Stanislav Petrov was a Russian military officer whose career parallelled with the peak of the Cold War.
There was major beef unfolding between the USSR and the United States – both sides were involved in a perpetual dick-measuring contest to see who was the true dominant force in the world.
By 1983, things were getting heated.
The Soviet Union shot down Korean Airlines Flight 007 over Moneron Island which caused the deaths of all 269 passengers and crew.
Three weeks later, Petrov was at the helm of the state-of-the-art missile detection system, Oko.
Oko can detect incoming foreign missiles milliseconds after they are launched. Even by today’s standards, the speed and effiency of Oko is impressive.
So impressive it was thought to be foolproof.
On September 26, Oko’s alarm was raised – a missile had been launched by the United States.
Then, two missiles were launched.
The Cold War had finally graduated in to all-out battle and by the looks of things, most of The Soviet Union was seconds away from being blasted in to smithereens.
Millions of people were going to be killed by the incoming missiles, and the Soviet Union had no choice but to retaliate. They had weapons capable not only of destroying the United States, but most of Europe as well.
Except Petrov was suspicious.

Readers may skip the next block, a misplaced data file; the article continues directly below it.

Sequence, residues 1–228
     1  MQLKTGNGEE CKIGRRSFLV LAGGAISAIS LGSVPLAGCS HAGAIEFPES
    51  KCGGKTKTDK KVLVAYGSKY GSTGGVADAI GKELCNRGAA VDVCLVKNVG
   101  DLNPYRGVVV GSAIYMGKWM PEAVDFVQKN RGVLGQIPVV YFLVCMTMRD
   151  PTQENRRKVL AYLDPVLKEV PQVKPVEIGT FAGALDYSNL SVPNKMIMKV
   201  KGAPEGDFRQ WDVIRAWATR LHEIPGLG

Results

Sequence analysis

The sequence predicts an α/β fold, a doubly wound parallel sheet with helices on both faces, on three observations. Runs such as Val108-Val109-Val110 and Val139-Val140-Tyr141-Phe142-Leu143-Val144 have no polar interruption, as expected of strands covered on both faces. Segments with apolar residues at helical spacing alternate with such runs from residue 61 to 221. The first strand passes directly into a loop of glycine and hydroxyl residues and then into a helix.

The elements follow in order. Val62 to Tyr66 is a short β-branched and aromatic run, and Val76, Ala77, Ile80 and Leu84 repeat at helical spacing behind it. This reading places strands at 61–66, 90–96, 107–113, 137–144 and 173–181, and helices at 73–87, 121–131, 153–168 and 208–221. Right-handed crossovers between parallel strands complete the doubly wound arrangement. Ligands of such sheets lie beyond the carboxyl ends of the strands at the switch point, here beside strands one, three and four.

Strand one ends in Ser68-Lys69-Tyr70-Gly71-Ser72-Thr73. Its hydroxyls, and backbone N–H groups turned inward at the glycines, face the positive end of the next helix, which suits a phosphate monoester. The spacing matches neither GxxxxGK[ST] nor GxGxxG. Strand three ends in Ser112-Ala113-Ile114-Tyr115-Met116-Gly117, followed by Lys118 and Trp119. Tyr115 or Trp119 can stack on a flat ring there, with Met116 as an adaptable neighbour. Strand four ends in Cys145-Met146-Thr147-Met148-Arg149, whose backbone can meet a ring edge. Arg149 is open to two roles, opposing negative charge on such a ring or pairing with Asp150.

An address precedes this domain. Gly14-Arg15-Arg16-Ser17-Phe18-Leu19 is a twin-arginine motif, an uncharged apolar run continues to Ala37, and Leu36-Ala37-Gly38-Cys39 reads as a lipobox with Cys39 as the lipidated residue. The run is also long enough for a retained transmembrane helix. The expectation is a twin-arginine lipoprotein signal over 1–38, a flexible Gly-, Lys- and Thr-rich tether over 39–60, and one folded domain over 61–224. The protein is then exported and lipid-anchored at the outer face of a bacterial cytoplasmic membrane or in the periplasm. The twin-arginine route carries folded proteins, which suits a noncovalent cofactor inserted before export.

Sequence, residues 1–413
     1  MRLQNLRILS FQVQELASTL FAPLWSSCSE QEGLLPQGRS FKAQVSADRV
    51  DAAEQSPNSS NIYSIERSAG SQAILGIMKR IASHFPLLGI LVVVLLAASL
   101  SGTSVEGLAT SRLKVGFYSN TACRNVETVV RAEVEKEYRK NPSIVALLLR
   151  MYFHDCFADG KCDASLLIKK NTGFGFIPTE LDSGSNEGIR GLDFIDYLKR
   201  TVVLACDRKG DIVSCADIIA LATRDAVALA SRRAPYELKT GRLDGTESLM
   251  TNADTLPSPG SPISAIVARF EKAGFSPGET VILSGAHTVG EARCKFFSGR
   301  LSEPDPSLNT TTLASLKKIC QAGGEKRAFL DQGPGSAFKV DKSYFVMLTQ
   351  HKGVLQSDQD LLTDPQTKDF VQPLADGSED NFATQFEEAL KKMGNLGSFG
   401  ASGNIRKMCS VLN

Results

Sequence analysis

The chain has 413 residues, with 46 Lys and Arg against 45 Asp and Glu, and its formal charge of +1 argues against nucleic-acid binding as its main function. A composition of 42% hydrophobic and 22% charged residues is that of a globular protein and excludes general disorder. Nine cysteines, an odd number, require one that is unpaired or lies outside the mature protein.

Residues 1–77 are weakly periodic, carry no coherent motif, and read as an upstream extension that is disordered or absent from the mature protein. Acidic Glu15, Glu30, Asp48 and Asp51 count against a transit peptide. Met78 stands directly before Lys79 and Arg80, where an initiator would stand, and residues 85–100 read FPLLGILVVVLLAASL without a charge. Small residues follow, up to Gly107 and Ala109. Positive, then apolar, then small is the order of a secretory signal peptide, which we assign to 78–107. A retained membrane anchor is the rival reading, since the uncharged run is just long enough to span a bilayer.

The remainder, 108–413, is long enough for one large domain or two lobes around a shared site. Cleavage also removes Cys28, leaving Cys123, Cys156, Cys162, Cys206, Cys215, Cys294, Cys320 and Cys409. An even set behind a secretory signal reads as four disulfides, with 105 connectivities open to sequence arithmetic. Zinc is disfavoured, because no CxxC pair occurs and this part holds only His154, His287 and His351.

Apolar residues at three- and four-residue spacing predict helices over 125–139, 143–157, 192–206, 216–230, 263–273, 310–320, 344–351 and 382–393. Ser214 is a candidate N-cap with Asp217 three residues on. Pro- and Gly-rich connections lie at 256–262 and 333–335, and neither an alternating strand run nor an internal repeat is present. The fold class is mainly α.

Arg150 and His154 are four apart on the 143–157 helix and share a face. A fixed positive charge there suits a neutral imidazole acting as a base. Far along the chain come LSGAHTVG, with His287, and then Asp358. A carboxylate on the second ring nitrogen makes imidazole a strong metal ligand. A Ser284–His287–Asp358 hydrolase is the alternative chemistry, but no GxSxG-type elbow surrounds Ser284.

Why, after 20 years of muscle-flexing and chest pounding, would America only launch 5 missiles in their ”all-out” attack?
Something wasn’t right.
Petrov did the unthinkable – he ignored his training and did not report the incident.
He questioned the ‘foolproof’ technology of Oko.
Oko may be sophisticated but it lacks a human touch.
Petrov’s civilian training equipped him with strong reasoning skills.
Something Oko, and its military subjects, didn’t have.
Now, the sweat-ridden Petrov was in quite a predicament.
He had the lives of millions of people in his hands – the Soviet missile strikes could wipe out the lives of 90 million people. The U.S. counterstrikes could wipe out another 100 million. If he got this wrong, almost 200 million people would die.
So it was a good thing he was completely right.
A freak reflection of the North Dakota sun on the clouds was mistaken by Oko as a missile launch.
There was to be no nuclear war, no widespread destruction, and no incomprehensible death toll.
Petrov’s actions weren’t recognised by the Soviet Union at the time, but he was subsequently awarded with a host of honours such as the World Citizen Award courtesy of the United Nations.
All because he ignored blind loyalty and followed his gut instinct.
And you thought your day was stressful.